A confession

Written By: - Date published: 9:47 pm, July 14th, 2012 - 7 comments
Categories: Privatisation - Tags:

I joined Mighty River Power today.

They visited and offered me $150 incentive payment, no contract and a cheap rate guaranteed until April 2013.  So, I intend to use them through winter, use up my $150 credit, then switch back to powershop when their rates get lower again…

But couldn’t help wondering – am I part of a push to up their user numbers in preparation for sale?  So the numbers look good on the books, even if people (like me) might not stay?

What will happen to the share price when lots of users leave after the Government’s flogged 49% off?

7 comments on “A confession”

  1. Jim Nald 1

    Btw what is the “cheap rate”?

    From memory, some of the current rates are something like 33.3 cents/day (fixed charge) and 21.2 cents/kWh (variable usage charge).

    Do you also get an early payment discount, eg 10%?

  2. just saying 2

    That’s a ridiculously good deal.

  3. burt 3

    Bunji

    The test will be; If the 100% state owned power companies are more expensive and have the worst customer service will you stay with them out of principle ?

    [SOE power companies are 13% cheaper on average than private ones. Eddie]

  4. Lanthanide 4

    If I could get this deal, I’d swap.

    Just did some comparisons between Powershop and Mercury Energy: ME comes out ahead based on the past 12 months usage according to Powershop once I include the 10% prompt payment discount, however my powershop figures don’t include the weekend rebate. I estimate I’ve received about $80 in weekend rebates which puts Powershop ahead.

  5. Ed 5

    I have become very cynical about those TV advertisements with yellow sticky labels on peoples foreheads. Every time someone changes supplier they get a little warm fuzzy about ‘saving money’ – and indeed they may well get a lower rate until another supplier creates a lower price for that particular type of customer, or their new supplier puts up their prices. Whenever anyone changes supplier there is at least a little work in the new supplier coding something up, a little blip in telephone enquiries, and the old supplier being advised to delete a customer.

    But looking at the market overall, there is probably a little higher churn between suppliers (may be even a lot higher), but the cost of production of the service has not changed, and provided prices are changed fairly frequently (which seems to be the case), and are kept complicated enough that many households find it difficult to compare usage and costs from year to year, the industry as a whole can gradually change prices in this “oh so competitive” market. Is this more Theresa Gattung type spin? – make the market so complicated no-one really understands it, but spend money on TV ads saying how much money can be saved frequently enough and people will be fooled into thinking there is a real market . . .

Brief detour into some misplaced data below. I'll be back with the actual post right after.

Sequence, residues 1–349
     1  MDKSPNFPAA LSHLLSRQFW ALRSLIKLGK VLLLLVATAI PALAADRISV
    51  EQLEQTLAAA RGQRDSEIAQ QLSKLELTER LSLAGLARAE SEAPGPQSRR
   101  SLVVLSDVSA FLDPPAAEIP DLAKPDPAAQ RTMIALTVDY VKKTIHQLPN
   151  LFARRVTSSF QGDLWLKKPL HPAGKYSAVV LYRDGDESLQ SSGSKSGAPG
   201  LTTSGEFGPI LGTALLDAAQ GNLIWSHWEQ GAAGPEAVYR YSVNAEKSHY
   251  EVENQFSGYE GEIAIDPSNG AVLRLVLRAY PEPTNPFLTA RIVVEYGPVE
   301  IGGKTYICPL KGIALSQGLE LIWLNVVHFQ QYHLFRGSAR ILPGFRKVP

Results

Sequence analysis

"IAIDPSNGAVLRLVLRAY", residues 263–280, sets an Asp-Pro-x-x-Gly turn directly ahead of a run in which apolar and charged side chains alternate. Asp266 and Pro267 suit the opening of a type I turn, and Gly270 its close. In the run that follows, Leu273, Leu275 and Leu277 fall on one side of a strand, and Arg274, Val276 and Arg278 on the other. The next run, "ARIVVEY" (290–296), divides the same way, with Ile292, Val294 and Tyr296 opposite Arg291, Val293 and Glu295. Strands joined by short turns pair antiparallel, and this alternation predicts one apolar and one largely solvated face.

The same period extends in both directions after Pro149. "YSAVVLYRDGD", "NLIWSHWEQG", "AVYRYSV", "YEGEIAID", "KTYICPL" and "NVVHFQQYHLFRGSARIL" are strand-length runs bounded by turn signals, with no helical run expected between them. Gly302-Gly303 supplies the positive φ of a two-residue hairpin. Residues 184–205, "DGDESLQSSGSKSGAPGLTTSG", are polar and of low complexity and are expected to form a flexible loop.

The ads are ether paid for by a government agency (corporate welfare) or by the energy companies (through electricity prices) Would we be better off with adult education or lower electricity prices?

    I will not use any part privatised electricity supplier – but will a lot of people doing that just encourage a the government to push through wholesale supply arrangements between companies which ensure larger profits to the private shareholders?

  6. Draco T Bastard 6

    And all the advertising and deals we see coming out all add to the actual costs driving prices up.

  7. lcmortensen 7

    Mighty River is losing customers at the moment according to MED data (down 1.0pc in 2011) – Contact and Trustpower are also losing customers (down 1.1pc and 0.4pc), while Genesis and Meridian are gaining (up 0.2 and 1.3pc). Which goes to show that people are preferring the SOEs over private companies for some reason – probably because they offer the cheapest prices without singing up to a five-year contract, getting your bill online, and paying by direct debit.

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